It is amazing how much demand there is for niche pornography, featuring adult performers whose looks or tastes may not be suited for the mainstream, but who definitely have their own following.
The Internet has helped hundreds of underground communities develop around a shared fetish. In many cases, as with gay people growing up in a conservative culture, these people didn't even know others like them existed before.
Don't begrudge your fellow fetishists the benefit of your eroticism!
To those who may not yet be familiar with the concept, there is a bill of rights attached to the United States Constitition. Among the rights protected is the freedom of expression, and in particular, the freedom to express unpopular ideas. As Thomas Jefferson pointed out, the freedom to express popular ideas hardly needs protecting.
There is also a division between states' rights and federal jurisdiction. This permits states and comminities to define local standards for what is and is not considered protected expression. As I understand it, the theory is that the federal government allows complete freedom of expression, and that sets the default standard for the country. But to maintain local cultural variations, all communities are permitted to say that specific types of expression, which may be fine in some parts of the country, are not acceptable here.
Those of us who work in the adult entertainment industry know community standards as a set of unwritten rules which circumscribe the way we work. For us, the possibility that something we create might be deemed unacceptable in a specific community will prevent any but the most adventurous and financially independent of us from taking risks with topics successfully prosecuted against other producers, no matter how long ago. The de facto laws we abide by aren't the laws of our own community, but the laws of any community where the work we produce may be sold, bought, or even seen.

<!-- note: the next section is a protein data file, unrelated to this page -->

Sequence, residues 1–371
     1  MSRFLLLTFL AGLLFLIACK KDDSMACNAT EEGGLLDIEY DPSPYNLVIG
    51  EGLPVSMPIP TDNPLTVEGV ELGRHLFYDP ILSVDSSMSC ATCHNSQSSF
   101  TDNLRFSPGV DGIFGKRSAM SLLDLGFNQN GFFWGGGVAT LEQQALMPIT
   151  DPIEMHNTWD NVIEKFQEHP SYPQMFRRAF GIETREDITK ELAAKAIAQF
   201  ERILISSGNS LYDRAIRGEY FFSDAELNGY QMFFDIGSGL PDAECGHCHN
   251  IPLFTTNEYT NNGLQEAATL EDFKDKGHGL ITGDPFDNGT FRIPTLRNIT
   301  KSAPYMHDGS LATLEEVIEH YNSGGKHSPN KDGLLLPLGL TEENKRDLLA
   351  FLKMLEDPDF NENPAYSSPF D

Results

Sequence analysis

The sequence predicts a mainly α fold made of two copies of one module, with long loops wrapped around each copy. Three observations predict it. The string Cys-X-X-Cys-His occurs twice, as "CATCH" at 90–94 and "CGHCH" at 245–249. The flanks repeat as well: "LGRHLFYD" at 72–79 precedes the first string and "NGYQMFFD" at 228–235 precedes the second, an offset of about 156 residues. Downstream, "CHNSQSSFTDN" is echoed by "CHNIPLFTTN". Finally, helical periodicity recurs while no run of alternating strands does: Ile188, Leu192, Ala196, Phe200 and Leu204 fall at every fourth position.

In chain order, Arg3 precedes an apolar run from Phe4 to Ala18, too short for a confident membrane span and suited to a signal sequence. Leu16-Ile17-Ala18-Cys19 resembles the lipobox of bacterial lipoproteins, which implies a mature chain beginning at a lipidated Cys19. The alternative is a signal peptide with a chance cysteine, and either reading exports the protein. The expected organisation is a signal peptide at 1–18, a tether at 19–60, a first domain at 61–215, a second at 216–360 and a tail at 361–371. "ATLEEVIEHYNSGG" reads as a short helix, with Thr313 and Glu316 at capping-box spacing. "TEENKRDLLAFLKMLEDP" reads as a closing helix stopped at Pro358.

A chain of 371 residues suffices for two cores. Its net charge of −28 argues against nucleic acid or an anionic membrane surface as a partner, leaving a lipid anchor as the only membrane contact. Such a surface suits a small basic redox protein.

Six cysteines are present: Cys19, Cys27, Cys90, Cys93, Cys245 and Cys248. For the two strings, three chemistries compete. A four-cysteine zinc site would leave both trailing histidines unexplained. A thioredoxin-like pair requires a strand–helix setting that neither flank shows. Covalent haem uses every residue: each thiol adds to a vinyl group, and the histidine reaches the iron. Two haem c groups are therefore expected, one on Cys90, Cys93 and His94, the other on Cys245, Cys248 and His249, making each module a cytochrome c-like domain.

The federal government, in which we all have a say, is not the problem for once. Although it may be argued that local governments get their cues from the feds, the fact is that people who live in these communities have the privilege to prohibit pretty much any form of expression which they all agree is inappropriate. Anyone in that community who disagrees has the right to vote against the regulation, or move to another part of the United States.
But fear of local prosecution in some parts of the country effectively prevents producers of adult entertainment operating in any community in the country from exploring the evolving landscape of acceptable erotic play. It boils down to economics and inconvenience. Nobody wants to risk being thrown in jail for six months because a video produced in California was seen by a consenting adult in Utah.
The distribution channels for adult products also play a critical role in the issue. A distributor is just as liable as a producer for products which go beyond community standards. Unlike the protections offered to internet service providers, telephone companies, and delivery services, adult video distributors are forced to police the producers who work with them, or suffer the consequences.
It is relevant to point out that there are some economies of scale associated with creating a product on DVD, which do not apply to publishing information electronically. The cost of creating the first 1,000 copies of a title have to be covered by the sales of that title. Selling is a difficult and complex business in and of itself, far beyond the means of most producers. For ongoing production to be possible, most video companies rely on distributors, who focus on the sales so the producers can focus on the development of new products.
In our litigious society, it is the one with the money who is most at risk of prosecution, and that is usually the distributor rather than the producer. If a distributor has reason to be concerned about whether a title may or may not meet community standards anywhere within its entire territory, that distributor has a simple economic incentive not to carry that title. A producer, who relies on distributors for income, has a similar incentive not to produce titles which may violate community standards anywhere in the territory their distributor services.
On the other hand, producers who creates exclusively for online distribution can fall back on local community standards wherever they live as a shield against inappropriate prosecution. With nobody else at risk, producers who do not use formal distribution channels are free to explore locally acceptable, federally protected forms of expression, regardless of how they may be received in other less tolerant communityies.